Back when the ORR piece was published, Craycraft provided criteria for inclusion in the Qarai category. First and foremost was an "offset or depressed warp." This was supposedly significant because it was "a deviation from true Baluch structure, a method of weaving based on flatweaves with all the warps set on one level." Another important structural feature to be considered was the end treatment. He described this as "two narrow bands of weft float on either side of a wide band of multicolored weft-faced plain weave chevrons or diagonals resolving at each color change into stepped diagonal weft substitution, all on a weft-faced plain tapestry ground. Another type that is frequently found is a simple kilim of narrow colored bands of weft-faced plain tapestry." In the case of the current posted rug, no ends survive and there is presumably no indication of what was originally there. And, there isn't any warp depression.

I feel I am not in any position to comment on whether or not Craycraft qualifies as a visionary. Unlike James, I'm not even clear enough on the category to know what the qualifications and requirements are. In any case, I feel quite sure that that status wouldn't allow for circumventing one's own criteria for placing a rug into the Qarai bin. Perhaps Craycraft's defining characteristics for inclusion have changed in the almost 25 years since that article. Or, perhaps the ability to know that this is really Qarai despite the deviation from the criteria is part of what Henry called his "purer vision". To me, it just seems like the sort of 'category creep' that Eiland (ORR 9/5, cited earlier by James) cautioned against in his response to Craycraft when the ORR article first appeared.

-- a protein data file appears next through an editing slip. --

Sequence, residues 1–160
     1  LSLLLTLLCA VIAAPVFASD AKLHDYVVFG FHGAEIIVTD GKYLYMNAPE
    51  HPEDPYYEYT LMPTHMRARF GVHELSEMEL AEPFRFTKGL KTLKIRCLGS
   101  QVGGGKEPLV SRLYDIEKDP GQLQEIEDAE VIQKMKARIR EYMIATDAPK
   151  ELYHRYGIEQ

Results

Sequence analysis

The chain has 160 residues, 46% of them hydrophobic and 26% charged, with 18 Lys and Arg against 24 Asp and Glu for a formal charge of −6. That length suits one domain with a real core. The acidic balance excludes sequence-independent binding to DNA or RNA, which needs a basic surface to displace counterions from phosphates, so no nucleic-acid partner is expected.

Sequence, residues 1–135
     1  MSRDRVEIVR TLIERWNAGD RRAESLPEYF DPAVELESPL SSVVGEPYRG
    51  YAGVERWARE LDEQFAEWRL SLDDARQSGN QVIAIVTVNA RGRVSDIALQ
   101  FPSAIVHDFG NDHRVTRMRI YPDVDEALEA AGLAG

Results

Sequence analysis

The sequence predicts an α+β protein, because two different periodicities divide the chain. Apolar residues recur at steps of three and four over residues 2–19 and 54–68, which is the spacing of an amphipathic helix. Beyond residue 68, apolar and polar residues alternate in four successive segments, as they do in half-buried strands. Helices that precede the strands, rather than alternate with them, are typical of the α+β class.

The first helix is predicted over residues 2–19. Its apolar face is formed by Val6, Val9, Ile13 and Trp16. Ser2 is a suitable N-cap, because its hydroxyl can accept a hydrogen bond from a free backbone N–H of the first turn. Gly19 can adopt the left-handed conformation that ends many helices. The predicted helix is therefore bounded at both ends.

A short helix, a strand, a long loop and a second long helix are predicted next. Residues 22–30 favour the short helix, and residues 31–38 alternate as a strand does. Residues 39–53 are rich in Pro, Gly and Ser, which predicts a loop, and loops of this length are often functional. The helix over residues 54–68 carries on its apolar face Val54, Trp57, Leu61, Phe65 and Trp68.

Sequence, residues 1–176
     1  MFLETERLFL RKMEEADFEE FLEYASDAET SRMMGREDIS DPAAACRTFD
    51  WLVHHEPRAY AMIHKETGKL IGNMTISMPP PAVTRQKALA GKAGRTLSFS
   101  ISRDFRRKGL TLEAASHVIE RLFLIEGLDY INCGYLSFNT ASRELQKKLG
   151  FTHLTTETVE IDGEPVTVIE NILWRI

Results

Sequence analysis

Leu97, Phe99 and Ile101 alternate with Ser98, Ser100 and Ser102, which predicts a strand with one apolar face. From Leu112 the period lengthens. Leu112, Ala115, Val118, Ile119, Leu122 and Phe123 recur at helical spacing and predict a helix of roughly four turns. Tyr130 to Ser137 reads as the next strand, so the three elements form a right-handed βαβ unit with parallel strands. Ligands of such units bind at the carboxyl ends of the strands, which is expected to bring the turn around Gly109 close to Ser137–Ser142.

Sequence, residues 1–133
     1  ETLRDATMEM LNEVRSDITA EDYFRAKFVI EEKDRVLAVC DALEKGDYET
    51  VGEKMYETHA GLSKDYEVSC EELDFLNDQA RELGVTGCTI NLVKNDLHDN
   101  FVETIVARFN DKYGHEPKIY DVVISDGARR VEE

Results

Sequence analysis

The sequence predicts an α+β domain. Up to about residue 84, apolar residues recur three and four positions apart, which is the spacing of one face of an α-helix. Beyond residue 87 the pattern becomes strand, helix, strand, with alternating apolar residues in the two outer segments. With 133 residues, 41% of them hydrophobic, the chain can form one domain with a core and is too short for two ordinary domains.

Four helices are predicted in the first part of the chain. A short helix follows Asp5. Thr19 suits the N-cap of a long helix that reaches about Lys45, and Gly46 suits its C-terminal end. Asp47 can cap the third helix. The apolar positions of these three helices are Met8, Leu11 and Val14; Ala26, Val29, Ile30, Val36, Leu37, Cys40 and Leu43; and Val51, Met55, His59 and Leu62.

I think James gets it just right when he writes, "Craycraft's analysis and views on this topic might well turn out to have been visionary, but it seems that it will require the rather prosaic task of assembling documentary evidence and a more systematic analysis of the rugs to confirm that vision."

Perhaps the reason I chafe at granting visionary status to any investigator is the possible effect it has on that invaluable attitude of openness (I would call it skepticism) at the heart of useful research.

Joel
 

Last edited by Joel Greifinger; November 1st, 2012 at 10:07 PM.


  
November 1st, 2012, 11:03 PM    51
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Hi Joel,

Quote:
Originally Posted by Joel Greifinger View Post

Currently ... Craycraft has a rug ... that he labels Karai. ... the warps are on one level, there is no warp depression.